This view was taken from in front of the television. It shows how the ceiling from the family room continues into the kitchen. Removing or replacing the cabinets would have affected the ceiling. The expanse of wood in the family room and kitchen on ceiling, walls and cabinets does make the two rooms darker so lights are needed especially on cloudy days. Very little direct sunlight finds its way into the lower level. The wood continues up the stairwell and surrounds the entrance. The banister is heavy wood in keeping with the rest of the house. It forms a focal point for the entry and is quite visible from the two upper level main rooms.

The renovation really brightened up the kitchen while keeping that all important cottage look. There were so many choices and I actually fell in love with a beautiful shades of sea green glass tile that would have looked beautiful with the painted wall. The immediate problem was that tile would tie us into that colour for quite some time. I was flipping through a cottage design magazine when I spotted just the tile that would look great in our kitchen. Armed with the picture we went shopping. We are quite pleased with the results and our ability to work within the restrictions.

Garden Gnome
©2006-2008


Thursday, September 11, 2008

Kitchen Renovations - Finishing Touches

Finishing touches are very important when completing any renovation project. These are the little details that can make a huge difference! Not only do they make the project look finished some of them will keep your project looking good for years to come. So always pay particular attention to those finishing touches. Take your time even if it means the project will take a bit longer.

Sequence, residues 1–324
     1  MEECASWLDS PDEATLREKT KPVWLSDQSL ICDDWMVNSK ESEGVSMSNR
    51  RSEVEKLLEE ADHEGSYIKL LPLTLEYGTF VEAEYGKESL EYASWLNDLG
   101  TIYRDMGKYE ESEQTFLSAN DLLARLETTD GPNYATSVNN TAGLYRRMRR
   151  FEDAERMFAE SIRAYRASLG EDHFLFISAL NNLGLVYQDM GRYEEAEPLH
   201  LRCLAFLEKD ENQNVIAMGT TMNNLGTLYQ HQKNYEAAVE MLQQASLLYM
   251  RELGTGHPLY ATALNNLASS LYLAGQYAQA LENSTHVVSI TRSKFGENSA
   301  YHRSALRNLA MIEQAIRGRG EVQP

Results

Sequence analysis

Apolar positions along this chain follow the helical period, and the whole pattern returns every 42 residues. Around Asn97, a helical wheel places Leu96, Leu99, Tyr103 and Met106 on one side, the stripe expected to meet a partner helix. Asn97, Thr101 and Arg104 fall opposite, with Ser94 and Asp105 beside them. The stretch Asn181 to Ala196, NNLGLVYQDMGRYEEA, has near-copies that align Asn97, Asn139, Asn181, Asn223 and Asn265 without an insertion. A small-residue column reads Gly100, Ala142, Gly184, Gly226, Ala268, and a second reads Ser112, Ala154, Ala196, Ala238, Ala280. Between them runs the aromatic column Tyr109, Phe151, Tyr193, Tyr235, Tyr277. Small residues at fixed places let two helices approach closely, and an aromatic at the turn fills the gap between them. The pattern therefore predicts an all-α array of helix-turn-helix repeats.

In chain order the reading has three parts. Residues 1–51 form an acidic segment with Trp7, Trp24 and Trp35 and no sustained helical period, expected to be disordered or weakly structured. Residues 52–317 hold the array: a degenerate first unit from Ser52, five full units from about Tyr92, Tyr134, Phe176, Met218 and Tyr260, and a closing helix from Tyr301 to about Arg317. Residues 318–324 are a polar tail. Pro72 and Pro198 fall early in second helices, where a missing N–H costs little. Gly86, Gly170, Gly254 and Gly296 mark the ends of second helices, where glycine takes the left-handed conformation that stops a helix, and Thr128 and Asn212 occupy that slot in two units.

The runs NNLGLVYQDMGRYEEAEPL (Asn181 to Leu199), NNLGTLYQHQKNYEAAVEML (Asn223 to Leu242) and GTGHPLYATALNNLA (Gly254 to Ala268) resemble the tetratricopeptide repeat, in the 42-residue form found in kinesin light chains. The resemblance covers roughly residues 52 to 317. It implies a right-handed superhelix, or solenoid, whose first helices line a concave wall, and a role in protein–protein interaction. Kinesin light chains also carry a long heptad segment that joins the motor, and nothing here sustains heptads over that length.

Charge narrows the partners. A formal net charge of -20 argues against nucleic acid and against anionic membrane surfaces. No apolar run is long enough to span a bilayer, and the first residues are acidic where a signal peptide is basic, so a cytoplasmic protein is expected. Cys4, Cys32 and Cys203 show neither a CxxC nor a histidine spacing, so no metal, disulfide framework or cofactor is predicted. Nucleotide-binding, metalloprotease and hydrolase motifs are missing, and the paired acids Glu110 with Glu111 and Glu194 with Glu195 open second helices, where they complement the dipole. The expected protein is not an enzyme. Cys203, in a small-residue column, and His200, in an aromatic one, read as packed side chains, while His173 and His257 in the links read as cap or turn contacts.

Grout Sealing

Two houses ago our then brother-in-law installed ceramic tile flooring in our kitchen. He said not to bother with sealing the grout and to only wash the floor with a vinegar solution. We took his advice but I still think that sealing the grout ads that extra level of protection. When we bought this house there was already ceramic tiles on the kitchen floor. It is a gorgeous floor although I don't care for the high gloss shine as it tends to be very slippery when wet. Since the kitchen opens onto the back patio getting wet is a real possibility. The first thing I did was wash the floor good then seal the grout with three coats of TileLab® SurfaceGard® Penetrating Sealer. This sealer provides maximum protection and has a 20 year guarantee. My primary concern was protecting the floor against any water damage. The grout is a deep beige so it hides dirt a bit. Protecting against staining was secondary but aesthetically important.

The countertop will see heavy use so protecting it from water damage is critical. Stain prevention is also very important. I used the same grout sealer for the countertop using a squeeze bottle brush applicator to apply three coats. Application is not difficult but with smaller tiles it is a fair amount of work. After filling the applicator bottle you twist the bottom part of the brush to open then remove the cap. Turn the bottle and hold similar to a pencil. Go over the grout lines then wipe away any excess from the tile after 10 minutes. Remove any haze after an hour with a rough cloth. Repeat if necessary after 2 - 3 hours dry time. I will be keeping a close eye on the grout lines. While they should not need any further sealing after three coats, if I think they need another coat I will apply it.

Caulking